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A Local Area Network (LAN) is a computer network that interconnects computers within a limited area such as a residence, school, laboratory, university campus, or office building.
Devices on a LAN are private and protected, such that only devices connected to the same Ethernet or WiFi network can see or communicate with them.
Your Embassy is hosted on the LAN and is reachable by visiting its
embassy.local URL (for setup, and
embassy-xxxxxxxx.local after setup) in the browser while also connected to the LAN.
When you visit an SSL website (one with the
https:// prefix), the connection is secured using SSL/TLS encryption. The website will present your browser with an SSL certificate showing that the owner of the website has been authenticated by a recognized Certificate Authority (CA). In the case of your Embassy, you are the CA, and you sign your own certificate. No third party required!
Your certificate is created when you initially setup your Embassy, or migrate to a new version of the OS, such as 0.3.0.
Multicast Domain Name System (MDNS) is a protocol that resolves a human-readable hostname to an IP address on a small network, such as the home or office network you might host your Embassy on.
This is known as a “zeroconf,” or zero-configuration service, meaning that you can instantly visit a human-recognizable domain name, such as
embassy.local from your network.
This domain is not broadcast outside of your local network, so it is as private and secure as your LAN.
Remote connections to your Embassy (when you are on the go) are handled via tor. Visiting websites on the Tor network can be slow and cumbersome. We wanted to provide a better user experience when accessing your Embassy at home. That’s why we created an address for the Embassy that can be accessed on your Local Area Network (LAN).
By default, this
.local address is served like a regular website, over HTTP. Browsers make it noticeable when visiting a site over HTTP in the URL bar - it could be red, show an unlocked lock, or warn that the connection is not secure.
SSL certificates are what enable websites to move from HTTP to HTTPS, which increases security and makes browsers happy (a happy ‘green lock’ icon, instead of an angry ‘red unlocked’ one in the URL bar). Using the Secure Sockets Layer protocol, HTTPS enabled websites use certificates to establish authenticated and encrypted links between networked computers. This is the standard technology for keeping an internet connection secure and safeguarding any sensitive data that is being sent between two devices, preventing third parties from reading and modifying any personal information transferred. These certificates also verify ownership of a website.
Valid SSL certificates are typically issued and obtained from Certificate Authorities. These trusted third parties generate and distribute certificates, signing them with their trusted private key, which allows the clients who use them to verify their authenticity. Websites obtain a certificate from a CA then load it onto their website’s hosting service or server, allowing the website to load over HTTPS and have all traffic to and from the website be encrypted and secure.
We decided to have the Embassy act as a Certificate Authority (CA). It creates a self-signed certificate, which means that the private key used to sign the digital certificate is the Embassy’s own private key instead of a third party’s.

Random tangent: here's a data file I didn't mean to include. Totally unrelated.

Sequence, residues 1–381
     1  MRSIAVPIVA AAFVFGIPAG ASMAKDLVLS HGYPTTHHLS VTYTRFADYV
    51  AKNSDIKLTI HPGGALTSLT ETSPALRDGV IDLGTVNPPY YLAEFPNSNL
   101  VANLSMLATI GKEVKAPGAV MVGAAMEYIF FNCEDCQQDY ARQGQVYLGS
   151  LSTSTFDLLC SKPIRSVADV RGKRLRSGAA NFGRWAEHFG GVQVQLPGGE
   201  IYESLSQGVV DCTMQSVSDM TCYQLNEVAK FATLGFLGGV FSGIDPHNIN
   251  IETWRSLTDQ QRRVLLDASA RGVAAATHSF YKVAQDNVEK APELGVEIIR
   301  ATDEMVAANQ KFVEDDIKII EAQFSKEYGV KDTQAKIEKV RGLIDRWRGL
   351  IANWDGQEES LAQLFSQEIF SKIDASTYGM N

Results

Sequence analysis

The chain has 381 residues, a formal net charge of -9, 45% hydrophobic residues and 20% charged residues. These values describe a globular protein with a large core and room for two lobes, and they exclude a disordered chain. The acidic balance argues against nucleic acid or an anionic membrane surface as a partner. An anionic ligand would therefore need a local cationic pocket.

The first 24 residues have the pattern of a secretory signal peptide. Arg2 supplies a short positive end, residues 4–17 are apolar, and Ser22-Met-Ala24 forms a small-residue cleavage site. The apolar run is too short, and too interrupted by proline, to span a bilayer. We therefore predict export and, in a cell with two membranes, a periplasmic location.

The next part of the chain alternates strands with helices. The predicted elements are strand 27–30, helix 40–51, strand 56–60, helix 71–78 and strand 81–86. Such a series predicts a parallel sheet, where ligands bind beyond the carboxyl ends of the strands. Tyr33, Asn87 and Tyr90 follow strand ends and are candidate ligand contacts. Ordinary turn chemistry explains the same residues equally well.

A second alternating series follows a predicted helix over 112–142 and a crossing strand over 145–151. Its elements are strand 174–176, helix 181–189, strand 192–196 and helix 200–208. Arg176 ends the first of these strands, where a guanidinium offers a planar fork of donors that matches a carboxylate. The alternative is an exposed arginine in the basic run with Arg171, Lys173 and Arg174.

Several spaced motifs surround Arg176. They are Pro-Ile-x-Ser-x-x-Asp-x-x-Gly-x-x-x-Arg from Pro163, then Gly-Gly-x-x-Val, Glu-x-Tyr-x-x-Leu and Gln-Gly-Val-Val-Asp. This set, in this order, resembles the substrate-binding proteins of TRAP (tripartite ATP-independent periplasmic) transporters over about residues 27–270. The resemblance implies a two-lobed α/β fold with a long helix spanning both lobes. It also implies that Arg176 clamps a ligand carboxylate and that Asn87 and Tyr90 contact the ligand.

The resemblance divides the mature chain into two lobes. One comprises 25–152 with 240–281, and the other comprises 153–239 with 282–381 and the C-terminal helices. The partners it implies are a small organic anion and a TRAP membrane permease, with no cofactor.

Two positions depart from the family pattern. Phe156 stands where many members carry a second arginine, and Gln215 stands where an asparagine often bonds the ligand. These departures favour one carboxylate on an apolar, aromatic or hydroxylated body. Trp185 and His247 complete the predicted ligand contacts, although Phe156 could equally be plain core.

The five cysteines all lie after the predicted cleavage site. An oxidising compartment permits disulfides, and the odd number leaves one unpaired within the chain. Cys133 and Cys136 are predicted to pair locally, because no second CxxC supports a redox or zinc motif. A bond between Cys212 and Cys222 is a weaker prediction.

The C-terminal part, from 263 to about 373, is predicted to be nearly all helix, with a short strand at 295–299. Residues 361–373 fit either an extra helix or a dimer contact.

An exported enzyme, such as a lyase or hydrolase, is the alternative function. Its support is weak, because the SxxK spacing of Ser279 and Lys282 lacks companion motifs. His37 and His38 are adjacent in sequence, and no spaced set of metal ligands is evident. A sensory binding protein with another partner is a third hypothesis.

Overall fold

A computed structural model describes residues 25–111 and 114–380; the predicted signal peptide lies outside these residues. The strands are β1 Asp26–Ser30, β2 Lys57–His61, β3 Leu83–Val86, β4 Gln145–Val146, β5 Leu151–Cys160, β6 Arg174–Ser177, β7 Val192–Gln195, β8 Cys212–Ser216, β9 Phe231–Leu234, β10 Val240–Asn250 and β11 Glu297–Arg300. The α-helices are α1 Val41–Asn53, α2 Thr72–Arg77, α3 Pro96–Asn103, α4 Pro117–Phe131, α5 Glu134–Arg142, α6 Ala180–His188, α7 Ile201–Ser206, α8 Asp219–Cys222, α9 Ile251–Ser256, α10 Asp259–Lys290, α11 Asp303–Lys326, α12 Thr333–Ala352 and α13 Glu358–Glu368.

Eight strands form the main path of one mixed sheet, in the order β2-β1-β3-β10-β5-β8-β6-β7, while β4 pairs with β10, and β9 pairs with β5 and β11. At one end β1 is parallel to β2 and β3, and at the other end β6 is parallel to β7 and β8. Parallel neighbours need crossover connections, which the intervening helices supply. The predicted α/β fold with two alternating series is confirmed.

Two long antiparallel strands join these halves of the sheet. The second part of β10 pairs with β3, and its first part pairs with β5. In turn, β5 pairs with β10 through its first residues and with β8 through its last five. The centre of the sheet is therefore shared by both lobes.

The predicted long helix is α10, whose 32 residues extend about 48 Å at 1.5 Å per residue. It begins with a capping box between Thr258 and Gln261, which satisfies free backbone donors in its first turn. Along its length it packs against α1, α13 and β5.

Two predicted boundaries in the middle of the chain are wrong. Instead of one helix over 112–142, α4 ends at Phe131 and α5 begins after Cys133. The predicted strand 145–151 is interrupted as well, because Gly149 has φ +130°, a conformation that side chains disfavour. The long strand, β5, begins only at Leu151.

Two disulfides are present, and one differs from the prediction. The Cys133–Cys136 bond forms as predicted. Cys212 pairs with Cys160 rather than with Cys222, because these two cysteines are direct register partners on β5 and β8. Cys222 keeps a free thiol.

When you setup SSL for your Embassy and client device, the certificate communicates to the client (a browser) that the server (Embassy) demonstrated ownership of the domain (
embassy-xxxxxxxx.local) to the certificate authority (created on the Embassy) at the time of certificate issuance (during the setup process). The Embassy dashboard can then be accessed from a home network (LAN) using a secure HTTPS connection! You own this entire stack and no third party can interfere.
For more information on how to setup your devices to enable this feature visit Connecting Over LAN.
The Onion Router, or Tor, is a free and open source software that enables anonymous communication. By routing Internet traffic through a worldwide, volunteer overlay network of nodes, requests are bundled in layers of encryption like the layers of an onion. The request is relayed across nodes, decrypting a layer only to reveal the next relay destination, until the request meets its final destination, without revealing the source IP address.
If a malicious third party were to intercept a request, they would see a garbled mess of the remaining onion encryption, and would only know that it came from some onion node and was heading to some other onion node. The contents, source, and destination of the message are completely anonymous.
When you use Tor to communicate with services running on the Embassy, all of the traffic is onion-routed and encrypted, and there are no Tor exit nodes involved - it’s completely private with no configuration needed.
Furthermore, every service on the Embassy has a different Tor address, including the device itself. This is done for privacy purposes - should one Tor address be exposed, the others will not be compromised. In actuality, Tor addresses are ed25519 keys, which means they also provide all the benefits of cryptographically secure private/public keys.
Here’s an introductory video on Tor.
The Tor Browser is a version of Firefox specifically made for use with the Tor Network. Tor Browser has Tor built-in, so that you do not need to be running Tor natively in order to use the network. This makes it a great browser for use with your Embassy.
Tor Browser has some advanced security and privacy settings, which can be useful, but please keep in mind that if you raise them from the standard level, you may be unable to use some websites, such as your Embassy UI.